Washington Law Review


Gavin Keene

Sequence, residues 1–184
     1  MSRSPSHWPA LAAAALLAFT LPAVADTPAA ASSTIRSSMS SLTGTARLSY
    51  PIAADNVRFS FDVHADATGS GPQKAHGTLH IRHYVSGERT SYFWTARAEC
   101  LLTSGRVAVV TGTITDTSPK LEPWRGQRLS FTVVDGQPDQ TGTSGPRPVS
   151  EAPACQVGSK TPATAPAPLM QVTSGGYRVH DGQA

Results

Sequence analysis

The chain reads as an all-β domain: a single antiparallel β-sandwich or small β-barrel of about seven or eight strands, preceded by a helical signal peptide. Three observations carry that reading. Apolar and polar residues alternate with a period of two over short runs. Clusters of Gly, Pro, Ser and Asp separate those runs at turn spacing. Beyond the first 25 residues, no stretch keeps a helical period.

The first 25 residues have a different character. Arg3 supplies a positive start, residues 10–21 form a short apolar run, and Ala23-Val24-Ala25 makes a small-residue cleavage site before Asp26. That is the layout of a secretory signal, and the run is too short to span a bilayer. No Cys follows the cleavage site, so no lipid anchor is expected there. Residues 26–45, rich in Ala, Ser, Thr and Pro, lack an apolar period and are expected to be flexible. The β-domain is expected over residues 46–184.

The Violence Against Women Act (VAWA) requires participating states and the District of Columbia to pay for medical forensic exams for victims of rape and sexual assault, including the collection of evidence using “rape kits,” whether or not the victim chooses to pursue criminal charges. The chief statutory purpose of the requirement is to preserve evidence in the interest of justice without pressuring a traumatized victim to decide on the spot whether to activate a criminal investigation. Rape kits collected without an accompanying police report are called “anonymous rape kits,” “unreported rape kits,” or “Jane Doe rape kits.” This is because they are typically assigned an anonymous tracking number rather than the victim’s name for privacy reasons, before being sealed and stored for evidentiary integrity. Beyond requiring their subsidization, VAWA is silent on anonymous rape kit preservation, leaving methods of storage to the discretion of each state, many of which defer to local jurisdictions. In states that defer, inconsistent storage practices can lead to the loss or destruction of the kits. These outcomes undercut the statutory purpose of VAWA’s “nonreport” option and waste public funds. Using Washington State as a prototype, this Comment argues that states that do not regulate anonymous rape kit storage should remedy this problem legislatively. State legislatures should pass comprehensive statutes that assign maintenance responsibility to a relevant state agency, provide funding for costs associated with evidence collection and storage, ensure the preservation of evidence through the relevant statute of limitations, and require that victims be kept informed of their rights. Thoughtful regulation will ensure the proper preservation of critical evidence and facilitate the empowerment of sexual assault victims, and in those respects reinforce VAWA’s nonreport option.

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